Lawrence Mishel

Lawrence Mishel is president of the Economic Policy Institute, an independent, nonprofit, nonpartisan think tank that researches the impact of economic trends and policies on working people in the United States and around the world. EPI's mission is to inform people and empower them to seek solutions that will ensure broadly shared prosperity and opportunity.

Recent Articles

Waging Inequality

President Bush recently indicated that additional taxation of top wage earners is “on the table” in future negotiations to address Social Security's financial shortfall. The ensuing public discussion should also focus on the dramatic growth over the last two decades of wages at the top, while middle-class wages have been relatively stagnant. The consequences are extraordinary inequalities and the undermining of Social Security's financing. Many people apparently are unaware that the payroll tax is not assessed on all earnings. In 2005, current law exempts all earnings over the cap of $90,000 from taxation, meaning someone with a $1 million annual salary pays the same tax as someone earning $90,000 a year. Eliminating this cap on taxes would virtually eliminate the projected Social Security shortfall over the next 75 years, so this is no small matter. (See my colleague Josh Bivens' recent analysis , which shows the effect of eliminating the tax cap and allowing high earners to receive...

Torts Flim-Flam

In an era of great economic flimflams, “tort reform” is one of the greatest. “Lawsuit abuse” has become one of just a handful of issues that the Bush administration and its business allies say must be addressed in order to generate more growth and jobs. Yet, it turns out, there's not a shred of evidence anywhere that the proposed changes in the tort system have anything to do with either economic growth or job creation. Let me be clear about what I can and cannot tell you. I have no expertise to judge whether our tort system could be reformed so as to reduce frivolous lawsuits -- while still preserving strong incentives for companies and others to avoid non-frivolous lawsuits -- and to reduce the cost of compensating victims of wrongful actions. Likewise with respect to the utility of various medical malpractice reforms. What I can tell you is that this entire hullabaloo about litigation has very little to do with our economic future. Let's go back to the sales pitch. President George...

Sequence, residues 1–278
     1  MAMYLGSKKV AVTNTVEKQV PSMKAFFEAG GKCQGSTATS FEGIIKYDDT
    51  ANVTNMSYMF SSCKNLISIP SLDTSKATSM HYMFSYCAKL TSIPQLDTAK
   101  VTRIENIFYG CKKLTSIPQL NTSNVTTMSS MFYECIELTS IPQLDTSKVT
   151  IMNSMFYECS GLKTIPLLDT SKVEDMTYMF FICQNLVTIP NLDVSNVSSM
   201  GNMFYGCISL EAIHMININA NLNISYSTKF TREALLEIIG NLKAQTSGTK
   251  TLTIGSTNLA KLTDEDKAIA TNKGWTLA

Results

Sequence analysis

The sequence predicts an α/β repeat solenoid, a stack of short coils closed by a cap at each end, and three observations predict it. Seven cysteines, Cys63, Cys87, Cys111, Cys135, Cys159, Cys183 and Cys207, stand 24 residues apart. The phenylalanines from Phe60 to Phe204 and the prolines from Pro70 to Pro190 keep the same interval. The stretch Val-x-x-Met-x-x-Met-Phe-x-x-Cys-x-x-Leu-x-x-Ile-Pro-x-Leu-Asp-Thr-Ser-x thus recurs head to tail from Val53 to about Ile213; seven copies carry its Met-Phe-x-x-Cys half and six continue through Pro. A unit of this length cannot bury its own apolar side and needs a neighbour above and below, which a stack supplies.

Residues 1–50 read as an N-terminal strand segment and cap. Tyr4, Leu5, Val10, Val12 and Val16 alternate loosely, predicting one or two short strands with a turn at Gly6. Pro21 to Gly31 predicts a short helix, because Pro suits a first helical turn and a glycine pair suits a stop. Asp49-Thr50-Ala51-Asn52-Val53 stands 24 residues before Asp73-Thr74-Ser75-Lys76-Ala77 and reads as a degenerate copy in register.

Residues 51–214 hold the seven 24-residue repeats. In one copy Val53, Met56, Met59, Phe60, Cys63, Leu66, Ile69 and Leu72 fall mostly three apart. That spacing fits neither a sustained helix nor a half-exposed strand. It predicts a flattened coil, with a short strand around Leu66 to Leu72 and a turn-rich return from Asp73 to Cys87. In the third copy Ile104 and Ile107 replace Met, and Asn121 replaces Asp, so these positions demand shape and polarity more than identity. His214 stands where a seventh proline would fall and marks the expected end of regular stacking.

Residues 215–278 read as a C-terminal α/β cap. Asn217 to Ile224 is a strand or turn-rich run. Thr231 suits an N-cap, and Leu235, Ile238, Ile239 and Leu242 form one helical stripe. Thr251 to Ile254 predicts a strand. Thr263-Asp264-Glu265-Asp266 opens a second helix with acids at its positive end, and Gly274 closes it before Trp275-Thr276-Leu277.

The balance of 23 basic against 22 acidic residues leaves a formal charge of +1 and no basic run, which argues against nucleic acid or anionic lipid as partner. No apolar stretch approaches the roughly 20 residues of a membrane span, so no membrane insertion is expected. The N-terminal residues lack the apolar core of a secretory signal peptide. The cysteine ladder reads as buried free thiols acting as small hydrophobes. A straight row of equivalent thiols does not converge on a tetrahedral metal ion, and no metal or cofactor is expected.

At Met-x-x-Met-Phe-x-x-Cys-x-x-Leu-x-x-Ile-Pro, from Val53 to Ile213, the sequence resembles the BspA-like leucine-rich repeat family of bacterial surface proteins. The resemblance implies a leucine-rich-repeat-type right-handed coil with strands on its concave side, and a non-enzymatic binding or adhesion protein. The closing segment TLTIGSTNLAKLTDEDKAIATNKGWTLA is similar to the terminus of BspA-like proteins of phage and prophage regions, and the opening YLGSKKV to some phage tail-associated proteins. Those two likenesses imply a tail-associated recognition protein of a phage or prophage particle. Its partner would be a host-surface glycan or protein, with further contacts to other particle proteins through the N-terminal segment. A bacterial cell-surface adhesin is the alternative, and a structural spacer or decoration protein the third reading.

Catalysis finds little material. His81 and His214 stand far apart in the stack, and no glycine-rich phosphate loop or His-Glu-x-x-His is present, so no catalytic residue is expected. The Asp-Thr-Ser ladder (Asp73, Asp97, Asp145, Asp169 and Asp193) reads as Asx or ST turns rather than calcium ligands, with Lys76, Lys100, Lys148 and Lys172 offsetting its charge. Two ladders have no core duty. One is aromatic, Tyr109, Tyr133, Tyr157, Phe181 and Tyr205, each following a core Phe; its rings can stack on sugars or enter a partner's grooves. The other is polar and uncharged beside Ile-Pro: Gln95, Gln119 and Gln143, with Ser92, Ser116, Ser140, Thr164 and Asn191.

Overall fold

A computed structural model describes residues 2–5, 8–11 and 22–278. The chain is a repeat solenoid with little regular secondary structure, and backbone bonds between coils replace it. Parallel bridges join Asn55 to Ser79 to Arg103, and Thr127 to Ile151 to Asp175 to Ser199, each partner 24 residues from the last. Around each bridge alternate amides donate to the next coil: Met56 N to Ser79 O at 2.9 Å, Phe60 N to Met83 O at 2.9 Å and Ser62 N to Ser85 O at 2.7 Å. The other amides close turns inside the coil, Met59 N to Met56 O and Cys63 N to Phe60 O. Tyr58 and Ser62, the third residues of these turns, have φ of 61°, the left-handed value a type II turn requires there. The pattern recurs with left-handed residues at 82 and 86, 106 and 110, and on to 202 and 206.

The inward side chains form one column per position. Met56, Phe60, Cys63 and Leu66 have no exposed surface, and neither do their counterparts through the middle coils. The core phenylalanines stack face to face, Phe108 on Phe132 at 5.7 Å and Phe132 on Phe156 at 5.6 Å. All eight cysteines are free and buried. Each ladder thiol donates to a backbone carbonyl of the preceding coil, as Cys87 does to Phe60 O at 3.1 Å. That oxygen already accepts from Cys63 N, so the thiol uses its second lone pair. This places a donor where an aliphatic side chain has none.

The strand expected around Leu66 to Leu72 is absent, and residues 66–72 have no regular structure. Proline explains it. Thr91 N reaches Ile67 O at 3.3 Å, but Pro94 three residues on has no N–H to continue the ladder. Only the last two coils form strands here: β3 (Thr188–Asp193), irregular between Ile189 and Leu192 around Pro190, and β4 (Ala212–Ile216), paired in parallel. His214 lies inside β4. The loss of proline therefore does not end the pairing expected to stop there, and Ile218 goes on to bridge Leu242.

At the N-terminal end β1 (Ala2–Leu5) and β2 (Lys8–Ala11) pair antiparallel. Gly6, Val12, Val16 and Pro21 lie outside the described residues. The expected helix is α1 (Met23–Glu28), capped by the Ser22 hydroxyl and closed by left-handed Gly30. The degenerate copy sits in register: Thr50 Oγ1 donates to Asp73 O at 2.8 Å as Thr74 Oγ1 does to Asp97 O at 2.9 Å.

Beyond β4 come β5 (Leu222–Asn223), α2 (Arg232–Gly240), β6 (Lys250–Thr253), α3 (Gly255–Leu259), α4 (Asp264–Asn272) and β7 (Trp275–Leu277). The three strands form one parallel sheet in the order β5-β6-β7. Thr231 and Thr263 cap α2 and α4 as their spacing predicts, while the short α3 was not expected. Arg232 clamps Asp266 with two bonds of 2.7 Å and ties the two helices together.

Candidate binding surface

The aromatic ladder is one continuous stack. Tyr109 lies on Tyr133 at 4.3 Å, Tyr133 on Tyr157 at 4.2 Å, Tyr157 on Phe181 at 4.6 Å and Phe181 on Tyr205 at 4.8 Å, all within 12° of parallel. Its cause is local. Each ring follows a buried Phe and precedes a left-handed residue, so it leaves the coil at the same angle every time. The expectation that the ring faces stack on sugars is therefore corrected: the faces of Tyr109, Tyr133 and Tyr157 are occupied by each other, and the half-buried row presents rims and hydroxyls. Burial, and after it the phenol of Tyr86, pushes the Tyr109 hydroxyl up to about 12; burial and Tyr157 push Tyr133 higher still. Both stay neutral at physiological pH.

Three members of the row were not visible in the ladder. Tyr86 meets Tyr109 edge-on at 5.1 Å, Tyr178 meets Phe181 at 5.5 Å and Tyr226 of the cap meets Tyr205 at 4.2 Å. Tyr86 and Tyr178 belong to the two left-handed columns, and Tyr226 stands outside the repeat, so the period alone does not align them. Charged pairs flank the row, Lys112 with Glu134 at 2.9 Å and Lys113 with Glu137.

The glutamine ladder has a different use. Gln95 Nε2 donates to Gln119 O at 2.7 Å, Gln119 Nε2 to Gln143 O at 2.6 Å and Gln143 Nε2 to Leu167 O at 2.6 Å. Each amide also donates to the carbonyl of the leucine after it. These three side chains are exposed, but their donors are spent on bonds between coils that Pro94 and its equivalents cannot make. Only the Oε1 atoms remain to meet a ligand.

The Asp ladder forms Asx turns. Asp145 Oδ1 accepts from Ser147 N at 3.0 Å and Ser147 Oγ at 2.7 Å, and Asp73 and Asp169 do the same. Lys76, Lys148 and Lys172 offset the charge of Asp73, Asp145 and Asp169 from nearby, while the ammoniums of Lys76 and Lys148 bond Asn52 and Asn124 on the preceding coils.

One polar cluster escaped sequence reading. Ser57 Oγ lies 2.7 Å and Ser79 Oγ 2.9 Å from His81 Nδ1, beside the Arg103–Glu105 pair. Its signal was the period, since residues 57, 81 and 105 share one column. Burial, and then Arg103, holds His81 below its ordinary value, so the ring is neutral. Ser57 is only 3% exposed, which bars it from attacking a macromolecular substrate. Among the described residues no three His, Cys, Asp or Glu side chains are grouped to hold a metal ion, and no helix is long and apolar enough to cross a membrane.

Schoolhouse Schlock

The dustup over charter schools reached the big time a few weeks back when it landed on the front page of The New York Times under the headline “Charter Schools Trail in Results, U.S. Data Reveals.” The story, which centered on a study by the American Federation of Teachers (AFT), led this way: “The first national comparison of test scores among children in charter schools and regular public schools shows charter school students often doing worse than comparable students in regular public schools.” Reaction was swift. As Chester Finn Jr., a leading right-wing education-policy expert, described it on his blog, “Charter supporters rushed to the barricades after last week's AFT-coordinated blast in The New York Times . On Aug. 25, 31 policy types and number crunchers ran a full-page ad in the Times rebutting some of the claims.” The statement concludes that the AFT “study does not meet professional research standards. As a result, it tells us nothing about whether charter schools are...

Excuses, Excuses

Federal Reserve Chairman Alan Greenspan says the economy has hit a "soft patch." The recent flurry of bad news makes that pronouncement feel like quite an understatement. First, the 4-percent-plus growth we enjoyed for four straight quarters dropped to only 3 percent in the second quarter (April to June). Then came the news that only 32,000 jobs were created in July -- more than 100,000 less than we need just to keep up with population growth. Obviously, this news doesn't jibe with the White House message that "America's economy is strong and getting stronger." Just as obviously, the president will not take responsibility for the economy's poor performance or the policy choices that got us here. Instead, we can expect more excuse-making. The question is, are the excuses valid? The president says, "We've overcome a lot." For a while now, he's talked about "four hurdles" that have stood in the way of economic rebound: the stock-market collapse, September 11, corporate scandals, and the...

Tax Man

The Bush administration has a mantra that we hear whenever some jobs are created: "The tax cuts are working." But are they? Mark Zandi , president of Economy.com and a highly respected economic forecaster, gave us the answer in a new report analyzing the factors in the past three years of growth; the administration's tax cuts, principally for the rich, have had very little to do with it. Increased government spending (particularly on defense) and tax cuts for middle- and lower-income people each contributed more to growth than tax cuts for higher-income people. The heaviest lifting by far in response to the recession and sluggish recovery has come from lower interest rates. But what the Bush policies failed to fix is only half of this story. Zandi makes the point that better policies could have given us 2.6 percent higher GDP in 2003 and two million more jobs in 2004. Economic performance that vigorous would have, in turn, cut our current fiscal deficit in half. As an engine of growth...

Pages